DAYTONA BEACH, Fla. — Cory Roper nearly missed the field for Friday’s NASCAR Camping World Truck Series season opener at Daytona Int’l Speedway.
He ended the night in much finer fashion, however, leading the NextEra Energy Resources 250 coming off the final corner and ending up with a third-place finish after being passed by eventual winner Ben Rhodes coming to the checkered flag on the 2.5-mile track.
Roper, who snuck into the field as the final driver to lock in on qualifying speed, started 31st Friday night and stayed back in the pack — out of trouble — for the majority of the 250-mile distance.
However, he came to life during the final stage, picking his way through several late-race accidents to have a shot during the final restart, where he restarted inside the top 10 and rocketed to the front.
Roper took the green flag, found defending series champion Sheldon Creed in the draft, and the pair hooked up. Roper shoved Creed all the way to the lead at the white flag, but when Creed slapped the outside wall approaching turn one, the Texan had to take evasive action to keep his hopes alive.
He ducked to the inside in front of Rhodes and, suddenly, found himself leading exiting turn two.
Roper’s only problem? The push Rhodes gave him was strong enough, it got him too far out front.
“I knew I was a sitting duck whenever I didn’t feel the push, it just pulls the motor back,” Roper said after the race. “[Ben Rhodes] sucked me back when he got to the spoiler. You hear all of that in the truck and you just know (what’s coming).”
As the field exited turn four and roared toward the checkered flag, Rhodes moved to the outside lane with help from his ThorSport Racing teammate Grant Enfinger and powered past Roper.
At that point, the die was cast. Roper ended up third after Jordan Anderson charged from 11th to second and nearly snookered both Roper and Rhodes in the final few feet.
Though he could see a potential win at Daytona out his windshield, Roper also couldn’t discount the significance of a podium result to his single-truck, family-owned race team.
“It’s bittersweet,” Roper said of the finish. “You can’t be upset with a third in this series; this is probably the most competitive series in the circuit, I believe. Just to make this race, we were this close to not making it. But to get a good finish like that, you’ve got to be happy for your guys that work on this thing so hard … and I’m happy for the team.”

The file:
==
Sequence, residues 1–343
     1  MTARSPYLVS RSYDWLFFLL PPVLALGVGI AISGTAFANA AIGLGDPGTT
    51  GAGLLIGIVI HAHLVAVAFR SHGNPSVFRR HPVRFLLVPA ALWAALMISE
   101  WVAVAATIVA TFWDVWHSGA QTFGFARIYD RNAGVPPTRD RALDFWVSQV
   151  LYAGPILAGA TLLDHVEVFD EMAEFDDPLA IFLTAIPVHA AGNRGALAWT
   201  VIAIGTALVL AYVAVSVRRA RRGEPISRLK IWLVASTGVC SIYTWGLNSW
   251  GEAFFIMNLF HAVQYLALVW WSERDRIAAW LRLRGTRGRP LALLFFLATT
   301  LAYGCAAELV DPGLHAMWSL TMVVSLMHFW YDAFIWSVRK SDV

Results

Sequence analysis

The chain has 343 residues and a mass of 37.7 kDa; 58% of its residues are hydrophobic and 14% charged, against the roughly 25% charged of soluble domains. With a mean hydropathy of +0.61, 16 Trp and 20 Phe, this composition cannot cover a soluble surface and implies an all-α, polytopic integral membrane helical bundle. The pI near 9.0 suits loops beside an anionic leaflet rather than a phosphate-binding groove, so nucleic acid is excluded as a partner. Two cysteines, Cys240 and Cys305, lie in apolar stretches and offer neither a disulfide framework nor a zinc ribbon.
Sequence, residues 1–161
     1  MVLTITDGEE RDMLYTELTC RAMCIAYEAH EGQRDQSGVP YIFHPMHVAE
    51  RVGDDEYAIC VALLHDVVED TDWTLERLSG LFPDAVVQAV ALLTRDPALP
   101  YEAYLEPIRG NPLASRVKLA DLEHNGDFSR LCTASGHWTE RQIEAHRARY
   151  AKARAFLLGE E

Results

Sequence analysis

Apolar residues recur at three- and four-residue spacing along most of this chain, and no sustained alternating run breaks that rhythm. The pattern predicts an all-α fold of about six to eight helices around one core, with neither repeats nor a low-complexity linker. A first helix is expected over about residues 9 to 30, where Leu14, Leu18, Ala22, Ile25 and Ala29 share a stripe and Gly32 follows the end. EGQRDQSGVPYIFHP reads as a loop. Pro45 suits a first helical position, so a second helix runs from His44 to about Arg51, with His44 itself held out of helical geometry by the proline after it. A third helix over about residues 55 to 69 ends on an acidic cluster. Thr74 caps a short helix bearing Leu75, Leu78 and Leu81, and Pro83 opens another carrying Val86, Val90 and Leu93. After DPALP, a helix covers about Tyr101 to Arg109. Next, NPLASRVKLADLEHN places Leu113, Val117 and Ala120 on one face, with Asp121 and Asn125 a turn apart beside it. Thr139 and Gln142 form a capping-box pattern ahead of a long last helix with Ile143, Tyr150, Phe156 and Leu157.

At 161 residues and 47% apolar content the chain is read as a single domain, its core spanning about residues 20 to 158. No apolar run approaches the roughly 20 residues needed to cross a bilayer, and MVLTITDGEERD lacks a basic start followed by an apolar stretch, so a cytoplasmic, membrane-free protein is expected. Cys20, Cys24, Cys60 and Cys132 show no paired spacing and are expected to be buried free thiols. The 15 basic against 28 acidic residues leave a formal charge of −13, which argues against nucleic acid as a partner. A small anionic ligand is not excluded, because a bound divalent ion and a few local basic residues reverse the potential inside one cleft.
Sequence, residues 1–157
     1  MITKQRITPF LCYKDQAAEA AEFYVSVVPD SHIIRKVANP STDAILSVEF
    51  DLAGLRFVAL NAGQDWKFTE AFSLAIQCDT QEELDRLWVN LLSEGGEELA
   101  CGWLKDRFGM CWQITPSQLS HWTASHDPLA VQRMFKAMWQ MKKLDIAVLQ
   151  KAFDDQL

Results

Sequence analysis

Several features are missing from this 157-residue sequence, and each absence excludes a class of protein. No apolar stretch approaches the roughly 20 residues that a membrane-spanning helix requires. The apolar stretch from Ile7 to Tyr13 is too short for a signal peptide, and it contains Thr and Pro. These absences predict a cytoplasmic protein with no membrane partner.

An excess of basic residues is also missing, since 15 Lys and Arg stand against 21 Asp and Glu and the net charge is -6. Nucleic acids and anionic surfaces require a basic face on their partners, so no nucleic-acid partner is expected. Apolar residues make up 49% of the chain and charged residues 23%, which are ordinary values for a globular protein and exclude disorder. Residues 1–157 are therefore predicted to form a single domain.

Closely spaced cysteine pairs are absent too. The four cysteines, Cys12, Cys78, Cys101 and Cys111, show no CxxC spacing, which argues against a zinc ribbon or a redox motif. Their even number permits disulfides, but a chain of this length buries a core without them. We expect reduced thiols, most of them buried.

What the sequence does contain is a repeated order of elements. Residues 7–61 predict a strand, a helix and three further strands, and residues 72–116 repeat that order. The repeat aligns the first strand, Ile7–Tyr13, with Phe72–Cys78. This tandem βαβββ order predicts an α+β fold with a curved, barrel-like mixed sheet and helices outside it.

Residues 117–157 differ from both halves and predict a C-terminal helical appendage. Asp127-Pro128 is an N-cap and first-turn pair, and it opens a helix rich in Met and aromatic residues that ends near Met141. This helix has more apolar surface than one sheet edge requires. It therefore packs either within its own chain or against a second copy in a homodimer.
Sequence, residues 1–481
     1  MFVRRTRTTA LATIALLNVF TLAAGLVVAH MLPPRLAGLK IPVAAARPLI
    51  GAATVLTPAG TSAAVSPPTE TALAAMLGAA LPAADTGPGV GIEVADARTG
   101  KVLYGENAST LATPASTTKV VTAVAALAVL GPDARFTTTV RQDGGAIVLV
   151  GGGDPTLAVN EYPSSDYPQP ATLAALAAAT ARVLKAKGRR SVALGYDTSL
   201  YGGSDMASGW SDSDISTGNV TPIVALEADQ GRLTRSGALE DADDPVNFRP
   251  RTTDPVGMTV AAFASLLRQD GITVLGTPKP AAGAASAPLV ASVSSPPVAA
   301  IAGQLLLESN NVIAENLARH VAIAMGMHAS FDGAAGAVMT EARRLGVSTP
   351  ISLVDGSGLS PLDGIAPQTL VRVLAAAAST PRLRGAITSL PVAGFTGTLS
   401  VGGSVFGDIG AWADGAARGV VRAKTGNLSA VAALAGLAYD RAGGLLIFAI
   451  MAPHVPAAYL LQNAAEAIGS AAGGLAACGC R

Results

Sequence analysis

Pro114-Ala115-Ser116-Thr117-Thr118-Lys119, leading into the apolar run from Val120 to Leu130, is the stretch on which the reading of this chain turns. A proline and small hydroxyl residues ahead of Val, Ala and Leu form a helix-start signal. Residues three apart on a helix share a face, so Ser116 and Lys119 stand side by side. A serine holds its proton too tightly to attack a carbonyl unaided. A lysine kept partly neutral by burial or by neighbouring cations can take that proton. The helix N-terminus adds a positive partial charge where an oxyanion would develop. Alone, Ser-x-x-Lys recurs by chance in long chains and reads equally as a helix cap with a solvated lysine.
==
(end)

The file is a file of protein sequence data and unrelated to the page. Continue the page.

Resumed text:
Though Friday night’s result was big in terms of Roper’s confidence as a driver, it also meant a lot financially, considering his operation is less well-funded than some of the bigger teams in the series.
“We’ve got some work to do to be able to run like we want to run,” Roper said. “So any time you can finish well and get a great finish like this and bring funds back to better your equipment, it’s huge in racing like this.
“The financial side of it is huge to be able to help us get two or three more races to the schedule without any issue.”
Could he have done anything differently to hold the lead in the final run to the checkered flag?
“I had the wheel turned further than I should have left off of [turn] four,” Roper said. “I wish I had known [Anderson] was coming and I probably would have thrown a little more block on him, but I didn’t know he was there until it was too late … and there wasn’t any sense in taking him out because I was too late to throw it anyway.
“All I could do was hold her to the mat and see what happened.”
Roper’s season will continue Feb. 19 with the BrakeBest Select 159 from the Daytona Int’l Speedway road course, the famed facility’s 3.61-mile, 14-turn layout that integrates parts of the superspeedway with the infield road course used for the Rolex 24 endurance race.